Muzdalifah (Arabic: مُزْدَلِفَة) is an open and level area near Mecca in the Hejazi region of Saudi Arabia that is associated with the Ḥajj ("Pilgrimage"). It lies just southeast of Mina, on the route between Mina and Arafat.
|• Regional Governor||Khalid bin Faisal Al Saud|
|Time zone||UTC+3 (Arabia Standard Time)|
The stay at Muzdalifah is preceded by a day at Mount Arafat, consisting of glorifying Allāh (God) repeating the duʿāʾ (Supplication), repentance to Allah, and asking him for forgiveness. At Arafat, Ẓuhr and ʿAṣr prayers are performed in a combined and abbreviated form during the time of Zuhr. After sunset on the ninth day of the Islamic month of Dhūl-Ḥijjah, Muslim pilgrims travel to Muzdalifah, sometimes arriving at night because of over-crowding. After arriving at Muzdalifah, pilgrims pray the Maghrib and ʿIshāʾ prayers jointly, whereas the Isha prayer is shortened to 2 rakats. At Muzdalifah, pilgrims collect pebbles for the Stoning of the Devil (Arabic: رَمِي ٱلْجَمَرَات, romanized: Ramī al-Jamarāt, lit. 'Stoning of the Place of Pebbles').
The Sacred MonumentEdit
|The Sacred Grove|
Al-Mashʿar Al-Ḥarām ٱلْمَشْعَر ٱلْحَرَام
|Location||Muzdalifah, Makkah, the Hejaz, Saudi Arabia|
|Administration||Saudi Arabian government|
|Geographic coordinates||21°23′10″N 39°54′44″E / 21.38611°N 39.91222°E|
The open-roofed mosque at Muzdalifah is known as "The Sacred Grove" (Arabic: ٱلْمَشْعَر ٱلْحَرَام, romanized: Al-Mashʿar Al-Ḥarām).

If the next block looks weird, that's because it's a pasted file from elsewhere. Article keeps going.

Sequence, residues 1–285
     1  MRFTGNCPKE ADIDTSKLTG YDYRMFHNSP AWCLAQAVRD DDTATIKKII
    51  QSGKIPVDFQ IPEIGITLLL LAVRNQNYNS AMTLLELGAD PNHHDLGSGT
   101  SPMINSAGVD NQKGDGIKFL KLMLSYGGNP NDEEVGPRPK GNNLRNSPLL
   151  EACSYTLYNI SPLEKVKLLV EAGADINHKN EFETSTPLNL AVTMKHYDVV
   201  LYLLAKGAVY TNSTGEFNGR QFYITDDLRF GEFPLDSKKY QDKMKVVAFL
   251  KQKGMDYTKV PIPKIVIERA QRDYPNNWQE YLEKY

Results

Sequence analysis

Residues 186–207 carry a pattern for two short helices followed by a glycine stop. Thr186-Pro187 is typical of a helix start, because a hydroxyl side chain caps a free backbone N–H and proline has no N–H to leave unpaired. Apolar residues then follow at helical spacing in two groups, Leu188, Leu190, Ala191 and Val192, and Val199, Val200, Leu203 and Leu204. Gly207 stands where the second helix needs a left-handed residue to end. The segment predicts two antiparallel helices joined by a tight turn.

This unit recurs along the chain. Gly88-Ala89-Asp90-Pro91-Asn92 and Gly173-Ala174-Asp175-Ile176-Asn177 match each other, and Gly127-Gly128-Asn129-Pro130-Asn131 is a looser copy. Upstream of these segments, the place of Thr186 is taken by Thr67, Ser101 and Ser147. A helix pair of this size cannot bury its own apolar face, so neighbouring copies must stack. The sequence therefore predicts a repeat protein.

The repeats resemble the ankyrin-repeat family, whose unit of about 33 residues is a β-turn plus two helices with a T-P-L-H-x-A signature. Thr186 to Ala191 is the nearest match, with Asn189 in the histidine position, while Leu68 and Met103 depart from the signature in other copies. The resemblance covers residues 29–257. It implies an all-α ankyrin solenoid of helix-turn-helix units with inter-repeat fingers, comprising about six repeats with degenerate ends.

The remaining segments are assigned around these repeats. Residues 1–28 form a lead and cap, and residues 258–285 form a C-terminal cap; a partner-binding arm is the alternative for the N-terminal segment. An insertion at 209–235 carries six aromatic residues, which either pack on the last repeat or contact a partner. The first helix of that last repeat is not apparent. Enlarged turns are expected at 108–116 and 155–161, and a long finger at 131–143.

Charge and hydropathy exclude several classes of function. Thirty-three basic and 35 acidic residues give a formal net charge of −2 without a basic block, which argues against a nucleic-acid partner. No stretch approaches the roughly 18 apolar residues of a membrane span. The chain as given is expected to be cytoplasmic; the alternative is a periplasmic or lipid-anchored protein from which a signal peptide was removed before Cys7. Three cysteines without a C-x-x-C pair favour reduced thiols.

- ^ a b Long, David E. (1979). "2: The Rites of the Hajj". The Hajj Today: A Survey of the Contemporary Pilgrimage to Makkah. pp. 11–24. ISBN 0-8739-5382-7.
With thousands of Hajjis, most of them in motor vehicles, rushing headlong for Muzdalifah [...] There is special grace for praying at the roofless mosque in Muzdalifah called al-Mash'ar al-Haram (the Sacred Grove)
- ^ a b Danarto (1989). A Javanese pilgrim in Mecca. p. 27. ISBN 0-8674-6939-0.
It was still dark when we arrived at Muzdalifah, four miles away. The Koran instructs us to spend the night at al-Mash'ar al-Haram. the Sacred Grove at Muzdalifah, as one of the conditions for the hajj.
- ^ a b Jones, Lindsay (2005). Encyclopedia of religion. Vol. 10. Macmillan Reference USA. p. 7159. ISBN 0-0286-5743-8.
The Qur'an admonishes: "When you hurry from Arafat, remember God at the Sacred Grove (al-mash' ar al-haram)," that is, at Muzdalifah (2:198). Today a mosque marks the place in Muzdalifah where pilgrims gather to perform the special saldt
- ^ a b Ziauddin Sardar; M. A. Zaki Badawi (1978). Hajj Studies. King Abdul Aziz University. Jeddah: Croom Helm for Hajj Research Centre. p. 32. ISBN 0-8566-4681-4.
Muzdalifah is an open plain sheltered by parched hills with sparse growth of thorn bushes. The pilgrims spend a night under the open sky of the roofless Mosque, the Sacred Grove, Al Mush'ar al-Haram. On the morning of the tenth, all depart[.]
- ^ Burton, Richard Francis (1857). Personal Narrative of a Pilgrimage to El Medinah and Meccah. p. 226.
The word jamrah is applied to the place of stoning, as well as to the stones.
- ^ Abū Dā'ūd (1984). Sunan Abu Dawud: Chapters 519-1337. Sh. M. Ashraf.
1204. Jamrah originally means a pebble. It is applied to the heap of stones or a pillar.
- ^ Hughes, Thomas Patrick (1995) . Dictionary of Islam. p. 225. ISBN 978-81-206-0672-2.
Literally "gravel, or small pebbles." The three pillars [...] placed against a rough wall of stones [...]
- ^ Quran 2:129 (Translated by Yusuf Ali)